« 上一頁繼續 »
to avoid that embarrassment which must be felt by an honest subscriber, upon such a change in his opinions as will not strictly stand with the terms of his engagement. When this, together with the preceding observations, is considered by the reader, he will the less wonder to hear Bishop Burnet express himself in the following manner: "The requiring subscription to the thirty-nine articles is a great imposition: I believe them myself; but as those about original sin and predestination might be expressed more unexceptionably, so I think it is a better way, to let such matters continue to be still the standard of doctrine, with some few corrections, and to censure those who teach any contrary tenets, than to oblige all that serve in the church to subscribe them. The greater part subscribe without ever examining them; and others do it because they must do it, though they can hardly satisfy their consciences about some things in them. Churches and societies are much better secured by laws than as well as a more easy method of government*."
5. The bishop's concluding remark, on the substitution of laws in the place of subscriptions, appears solid and important. But should it still be thought expedient to retain the latter, it would seem not very difficult to devise some form of subscription much less exceptionable than those which are at present in use, and which would as effectually answer every good end proposed by such a measure. Why might not the following, or some equivalent form, be thought generally sufficient?
"I believe that the holy scriptures, as they are commonly received among protestants, contain all things necessarv to salvation; so that, whatsoever is not read therein, ?wr proved thereby, is not to be required of any man, that it should be believed as an article of faith, or be thought requisite or necessary to salvation f.
* Bishop Burnet's conclusion to the History of his own Times.
t The words in italics are from the sixth article of And I declare my sincere intention, seriously to study the sacred scriptures, and to instruct the people in the same, according to my best abilities."
Should the question respect an admission to minister in the church of England in particular, why might not the following, or some similar declaration, be thought satisfactory ?" I am persuaded that the doctrine of the church of England is so pure and orthodox, that whosoever believes it, and lives according to it, shall be saved; and that there is no error in it, which may necessitate any man to disturb the peace, or renounce the communion of it*." When Bishop Sanderson, who was a good man, and a skilful casuist, was consulted upon this formula by some divines who proposed it, as one to which they were willing to agree, he answered, "I never subscribed in any other sense myself." Or why might not Chillingworth's form of subscription be admitted, as expressed in these words?" I do verily believe the church of England a true member of the church (universal); that she wants nothing necessary' to salvation, and holds nothing repugnant to it*." Either of these forms might be thought sufficiently high for any church that makes no claim to infallibility, and might help to relieve the scruples of some wise and good men.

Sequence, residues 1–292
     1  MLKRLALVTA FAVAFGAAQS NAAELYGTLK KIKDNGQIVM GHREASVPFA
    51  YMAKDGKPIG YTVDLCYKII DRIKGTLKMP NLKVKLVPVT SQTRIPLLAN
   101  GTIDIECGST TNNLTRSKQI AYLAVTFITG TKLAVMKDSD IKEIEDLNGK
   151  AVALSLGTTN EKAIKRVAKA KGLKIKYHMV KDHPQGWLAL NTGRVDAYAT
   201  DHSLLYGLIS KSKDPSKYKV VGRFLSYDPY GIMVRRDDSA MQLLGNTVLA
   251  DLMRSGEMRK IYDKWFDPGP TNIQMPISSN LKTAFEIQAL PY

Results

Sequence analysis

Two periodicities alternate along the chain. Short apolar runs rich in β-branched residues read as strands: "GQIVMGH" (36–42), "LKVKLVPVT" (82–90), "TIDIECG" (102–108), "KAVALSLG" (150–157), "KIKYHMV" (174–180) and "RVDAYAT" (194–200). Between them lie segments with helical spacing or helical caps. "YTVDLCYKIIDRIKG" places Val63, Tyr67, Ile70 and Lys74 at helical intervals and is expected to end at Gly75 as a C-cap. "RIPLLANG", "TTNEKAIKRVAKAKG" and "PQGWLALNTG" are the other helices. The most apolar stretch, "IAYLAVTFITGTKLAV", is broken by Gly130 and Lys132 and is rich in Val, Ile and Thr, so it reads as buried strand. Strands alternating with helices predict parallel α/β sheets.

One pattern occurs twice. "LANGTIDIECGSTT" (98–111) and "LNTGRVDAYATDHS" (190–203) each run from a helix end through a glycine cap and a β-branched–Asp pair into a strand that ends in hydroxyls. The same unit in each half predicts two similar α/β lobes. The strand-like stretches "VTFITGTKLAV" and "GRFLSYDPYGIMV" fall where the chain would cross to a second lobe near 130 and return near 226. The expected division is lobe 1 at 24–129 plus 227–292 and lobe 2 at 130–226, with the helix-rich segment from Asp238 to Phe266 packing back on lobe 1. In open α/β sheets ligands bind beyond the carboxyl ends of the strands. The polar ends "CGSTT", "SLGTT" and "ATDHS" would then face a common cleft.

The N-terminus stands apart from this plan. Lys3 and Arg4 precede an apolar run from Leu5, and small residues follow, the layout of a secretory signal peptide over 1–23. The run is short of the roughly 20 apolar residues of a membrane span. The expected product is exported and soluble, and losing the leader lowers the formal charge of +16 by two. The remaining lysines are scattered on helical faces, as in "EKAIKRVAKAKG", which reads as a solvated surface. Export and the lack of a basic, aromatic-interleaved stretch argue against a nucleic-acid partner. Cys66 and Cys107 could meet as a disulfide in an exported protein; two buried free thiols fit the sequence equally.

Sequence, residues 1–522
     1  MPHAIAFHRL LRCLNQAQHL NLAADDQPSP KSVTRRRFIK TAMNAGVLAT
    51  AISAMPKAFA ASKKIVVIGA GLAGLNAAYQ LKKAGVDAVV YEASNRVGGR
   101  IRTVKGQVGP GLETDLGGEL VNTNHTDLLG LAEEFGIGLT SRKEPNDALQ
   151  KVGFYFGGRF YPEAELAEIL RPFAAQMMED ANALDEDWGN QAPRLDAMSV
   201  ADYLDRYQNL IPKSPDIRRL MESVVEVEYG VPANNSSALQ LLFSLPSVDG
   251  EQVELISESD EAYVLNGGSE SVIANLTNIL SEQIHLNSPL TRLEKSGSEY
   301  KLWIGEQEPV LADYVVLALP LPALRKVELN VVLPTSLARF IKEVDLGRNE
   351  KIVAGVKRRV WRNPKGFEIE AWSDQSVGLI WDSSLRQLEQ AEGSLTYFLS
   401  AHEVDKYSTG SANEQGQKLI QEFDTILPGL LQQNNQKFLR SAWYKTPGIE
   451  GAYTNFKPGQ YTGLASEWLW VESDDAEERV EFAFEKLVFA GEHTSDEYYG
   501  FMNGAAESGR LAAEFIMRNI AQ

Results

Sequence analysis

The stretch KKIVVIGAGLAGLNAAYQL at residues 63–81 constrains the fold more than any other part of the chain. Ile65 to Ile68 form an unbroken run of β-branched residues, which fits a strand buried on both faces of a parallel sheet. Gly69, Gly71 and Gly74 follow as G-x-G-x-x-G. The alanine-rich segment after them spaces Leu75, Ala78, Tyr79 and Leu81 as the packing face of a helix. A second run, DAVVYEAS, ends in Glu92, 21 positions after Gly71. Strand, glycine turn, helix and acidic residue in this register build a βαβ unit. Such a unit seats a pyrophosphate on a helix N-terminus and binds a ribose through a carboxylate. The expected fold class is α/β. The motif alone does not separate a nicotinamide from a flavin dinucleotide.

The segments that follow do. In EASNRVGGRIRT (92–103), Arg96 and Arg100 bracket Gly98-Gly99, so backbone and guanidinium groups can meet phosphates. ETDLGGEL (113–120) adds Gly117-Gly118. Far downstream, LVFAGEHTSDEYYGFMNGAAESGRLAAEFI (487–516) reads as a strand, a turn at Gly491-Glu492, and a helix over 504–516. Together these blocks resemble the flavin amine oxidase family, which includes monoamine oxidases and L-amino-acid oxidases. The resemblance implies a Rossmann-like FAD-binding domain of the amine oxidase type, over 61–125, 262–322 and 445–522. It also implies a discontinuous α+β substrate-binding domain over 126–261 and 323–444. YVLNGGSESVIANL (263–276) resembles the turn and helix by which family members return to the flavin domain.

As what has been advanced under this head is so easily applicable to those points of clerical subscription, which relate either to forms of prayer, or to other offices of religion, I forbear to enter upon them; and shall hasten to close this section, after a word or two on lay-commimion.
Though our established clergy may have cause to complain of the hard terms imposed upon them, this is not the case with the adult among the laity, who are almost indiscriminately admitted to the most solemn ordinance of christianity, upon the easy condition of compliance with one indifferent ceremony. Whatever be thefr faith or practice, their principles or conduct, they are at liberty, not only to attend to the public prayers and instructions of the national church, which is reasonable and proper, but also to approach her altars, and there to receive at her hands the memorials of the death of our Redeemer; provided they will consent to receive them in a kneeling posture. Let this condition be observed, and it is extremely rare that any inquiry is made, whether the communicant be a saint or a profligate, a believer or an infidel. This laxity, so remote from the primitive practice, can hardly fail to reflect some dishonour on any church where it is suffered; to cause some alienation or regret in her more serious members; and to breed in others a neglect, if not a contempt, of all religion. Nor is our own church insensible to this danger, as appears from her comminution office, where, as we have already remarked, she laments the want of that godly discipline, which was exercised in the first and best ages of christianity. Whether indeed it would be expedient (supposing the possibility) to revive this discipline in its